Endocrine Abstracts (2006) 11 P815

Digital infra-red orbital thermography in the assessment of thyroid eye disease

SE Williams1, AR Hill3 & BW Fleck2


1The University of Edinburgh, Edinburgh, Scotland, United Kingdom; 2Princess Alexandra Eye Pavilion, Edinburgh, Scotland, United Kingdom; 3Heriot-Watt University, Edinburgh, Scotland, United Kingdom.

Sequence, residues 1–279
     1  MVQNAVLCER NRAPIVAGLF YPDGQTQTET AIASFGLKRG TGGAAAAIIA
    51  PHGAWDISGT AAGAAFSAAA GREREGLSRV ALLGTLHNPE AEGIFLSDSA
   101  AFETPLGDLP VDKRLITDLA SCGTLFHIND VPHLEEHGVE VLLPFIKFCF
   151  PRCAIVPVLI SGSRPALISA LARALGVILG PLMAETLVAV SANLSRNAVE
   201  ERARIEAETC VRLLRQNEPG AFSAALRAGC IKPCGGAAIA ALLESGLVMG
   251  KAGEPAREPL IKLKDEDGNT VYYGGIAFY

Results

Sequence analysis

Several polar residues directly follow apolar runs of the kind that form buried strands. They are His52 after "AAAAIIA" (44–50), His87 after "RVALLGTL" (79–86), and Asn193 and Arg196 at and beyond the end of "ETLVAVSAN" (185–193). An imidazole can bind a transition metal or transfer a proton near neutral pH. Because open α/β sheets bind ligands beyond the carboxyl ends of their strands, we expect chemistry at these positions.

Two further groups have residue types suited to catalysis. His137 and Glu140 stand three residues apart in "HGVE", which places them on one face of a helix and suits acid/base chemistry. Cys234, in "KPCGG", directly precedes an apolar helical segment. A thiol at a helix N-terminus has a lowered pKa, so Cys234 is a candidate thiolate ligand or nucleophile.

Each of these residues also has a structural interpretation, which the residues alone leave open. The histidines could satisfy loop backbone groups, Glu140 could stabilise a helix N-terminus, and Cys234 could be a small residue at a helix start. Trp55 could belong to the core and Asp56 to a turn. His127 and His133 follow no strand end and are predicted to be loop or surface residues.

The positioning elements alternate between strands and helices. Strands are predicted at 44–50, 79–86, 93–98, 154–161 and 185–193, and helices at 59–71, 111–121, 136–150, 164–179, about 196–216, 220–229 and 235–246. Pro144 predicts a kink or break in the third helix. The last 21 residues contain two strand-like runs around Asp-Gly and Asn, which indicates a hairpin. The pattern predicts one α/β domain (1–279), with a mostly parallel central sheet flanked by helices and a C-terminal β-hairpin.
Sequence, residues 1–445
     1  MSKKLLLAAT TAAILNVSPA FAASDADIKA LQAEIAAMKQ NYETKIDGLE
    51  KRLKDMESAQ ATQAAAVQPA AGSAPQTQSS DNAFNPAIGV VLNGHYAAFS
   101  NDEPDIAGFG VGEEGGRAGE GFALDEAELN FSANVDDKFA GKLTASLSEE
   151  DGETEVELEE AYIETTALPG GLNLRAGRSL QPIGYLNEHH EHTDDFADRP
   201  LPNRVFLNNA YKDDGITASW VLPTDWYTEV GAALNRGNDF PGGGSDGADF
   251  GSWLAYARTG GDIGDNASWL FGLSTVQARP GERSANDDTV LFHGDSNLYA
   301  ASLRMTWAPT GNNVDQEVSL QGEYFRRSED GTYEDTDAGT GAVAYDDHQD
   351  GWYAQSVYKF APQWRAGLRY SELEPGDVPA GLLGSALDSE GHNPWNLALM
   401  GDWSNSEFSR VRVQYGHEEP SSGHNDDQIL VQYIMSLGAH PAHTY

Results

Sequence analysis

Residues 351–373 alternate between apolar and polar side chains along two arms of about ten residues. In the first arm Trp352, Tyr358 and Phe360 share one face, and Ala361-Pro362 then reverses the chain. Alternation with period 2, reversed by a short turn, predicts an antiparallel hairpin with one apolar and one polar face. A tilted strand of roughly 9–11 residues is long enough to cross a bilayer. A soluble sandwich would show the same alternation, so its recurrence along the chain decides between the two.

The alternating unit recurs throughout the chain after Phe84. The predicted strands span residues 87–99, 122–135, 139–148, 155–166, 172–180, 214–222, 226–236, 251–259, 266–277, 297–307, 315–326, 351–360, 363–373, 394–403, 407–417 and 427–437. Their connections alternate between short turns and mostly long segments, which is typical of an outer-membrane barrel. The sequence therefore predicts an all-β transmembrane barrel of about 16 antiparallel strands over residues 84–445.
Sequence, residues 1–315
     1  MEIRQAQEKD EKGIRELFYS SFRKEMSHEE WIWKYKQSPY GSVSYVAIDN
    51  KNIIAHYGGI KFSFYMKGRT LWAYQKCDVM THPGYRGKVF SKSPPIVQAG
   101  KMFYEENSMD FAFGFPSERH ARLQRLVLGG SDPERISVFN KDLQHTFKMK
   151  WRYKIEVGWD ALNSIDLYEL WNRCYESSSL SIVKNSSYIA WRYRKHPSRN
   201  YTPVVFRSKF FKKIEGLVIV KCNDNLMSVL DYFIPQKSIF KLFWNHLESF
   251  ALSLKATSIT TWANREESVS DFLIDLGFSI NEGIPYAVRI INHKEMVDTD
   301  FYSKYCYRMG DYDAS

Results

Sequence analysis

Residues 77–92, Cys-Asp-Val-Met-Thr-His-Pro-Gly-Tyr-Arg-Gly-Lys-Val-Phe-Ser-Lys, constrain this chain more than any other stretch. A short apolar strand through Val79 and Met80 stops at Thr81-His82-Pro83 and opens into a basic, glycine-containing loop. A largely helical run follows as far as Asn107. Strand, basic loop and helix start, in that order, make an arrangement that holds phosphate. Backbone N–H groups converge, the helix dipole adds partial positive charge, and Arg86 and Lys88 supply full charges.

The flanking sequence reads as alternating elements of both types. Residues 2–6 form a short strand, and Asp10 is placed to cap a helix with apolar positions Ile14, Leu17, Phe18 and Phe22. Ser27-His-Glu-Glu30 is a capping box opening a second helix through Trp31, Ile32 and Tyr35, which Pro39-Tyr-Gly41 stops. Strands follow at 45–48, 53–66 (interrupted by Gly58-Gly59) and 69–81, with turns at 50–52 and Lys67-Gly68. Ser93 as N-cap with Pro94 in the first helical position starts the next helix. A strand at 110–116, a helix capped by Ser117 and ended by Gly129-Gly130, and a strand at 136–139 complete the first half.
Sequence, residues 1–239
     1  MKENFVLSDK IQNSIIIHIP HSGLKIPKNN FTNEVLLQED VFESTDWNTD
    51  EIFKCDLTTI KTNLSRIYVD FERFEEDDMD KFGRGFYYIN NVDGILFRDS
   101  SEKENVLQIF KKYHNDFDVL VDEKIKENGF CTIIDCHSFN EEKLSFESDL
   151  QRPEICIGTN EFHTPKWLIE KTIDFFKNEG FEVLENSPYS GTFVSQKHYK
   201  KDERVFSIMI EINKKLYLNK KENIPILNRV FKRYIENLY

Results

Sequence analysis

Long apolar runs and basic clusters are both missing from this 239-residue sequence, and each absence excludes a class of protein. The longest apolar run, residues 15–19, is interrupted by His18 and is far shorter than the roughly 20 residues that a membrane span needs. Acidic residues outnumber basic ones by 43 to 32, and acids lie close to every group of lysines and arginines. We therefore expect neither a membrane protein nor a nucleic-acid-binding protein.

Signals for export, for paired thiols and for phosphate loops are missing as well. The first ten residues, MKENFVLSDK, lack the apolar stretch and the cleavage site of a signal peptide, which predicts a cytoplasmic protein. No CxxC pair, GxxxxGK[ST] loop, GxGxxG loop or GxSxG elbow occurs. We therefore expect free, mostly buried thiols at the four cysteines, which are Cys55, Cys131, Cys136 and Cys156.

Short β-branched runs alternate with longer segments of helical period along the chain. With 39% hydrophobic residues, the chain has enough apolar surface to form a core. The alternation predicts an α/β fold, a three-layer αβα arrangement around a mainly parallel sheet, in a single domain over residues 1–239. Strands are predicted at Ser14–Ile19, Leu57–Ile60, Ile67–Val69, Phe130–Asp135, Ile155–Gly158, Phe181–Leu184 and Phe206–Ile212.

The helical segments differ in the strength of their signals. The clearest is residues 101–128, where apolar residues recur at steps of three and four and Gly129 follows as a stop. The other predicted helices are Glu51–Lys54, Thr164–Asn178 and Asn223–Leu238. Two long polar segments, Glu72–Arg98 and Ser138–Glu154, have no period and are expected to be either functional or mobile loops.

Thyroid Eye Disease (TED) is an autoimmune inflammatory condition of the orbit occurring in the setting of thyroid disease. Prevention of the distressing physical and psychological sequelae of TED depends on accurate quantification of disease activity to allow selection of the most appropriate treatment modality. Current practice is based on the use of a Clinical Activity Score (CAS). As an alternative approach, and with the potential benefits of reproducibility and ease of use, we have examined the utility of orbital infra-red thermography in quantifying TED inflammatory activity. Patients were imaged with eyes open and closed. Open-eye images were analysed with a temperature profile along the corneal centres line of intersection. This profile showed, per eye, two main peaks (infra-red emission from the conjunctiva overlying the medial (MR) and lateral (LR) recti insertions) and one trough (infra-red emission from the cornea (CA)). Closed-eye images were described with the maximum temperature in the periorbital region (Tmax) and the rate of eyelid heating following localised cooling by fan (ΔE). In an ethically approved study of 49 age- and sex-matched subjects (active TED n=15; inactive TED n=9; normal control n=25) we found (1) lateral:medial rectus insertion temperature ratios (LR-CA)/(MR-CA) correlate significantly with TED patient status (P=0.0002, 2-tailed Student’s t-test); (2) there is a trend toward greater Tmax and ΔE values in active versus inactive TED; (3) Tmax correlates significantly with the classical CAS in inactive/active TED patients (Pearson’s R=0.433, P=0.034). In conclusion we describe the use of orbital thermography as an imaging modality in the clinical assessment of TED. Our experiments describe methods to obtain thermography-derived parameters useful in the investigation of ocular/orbital pathology and we show these to compare favourably with the current methods of TED disease assessment. Further experiments to ascertain the predictive value of thermography in TED are planned.

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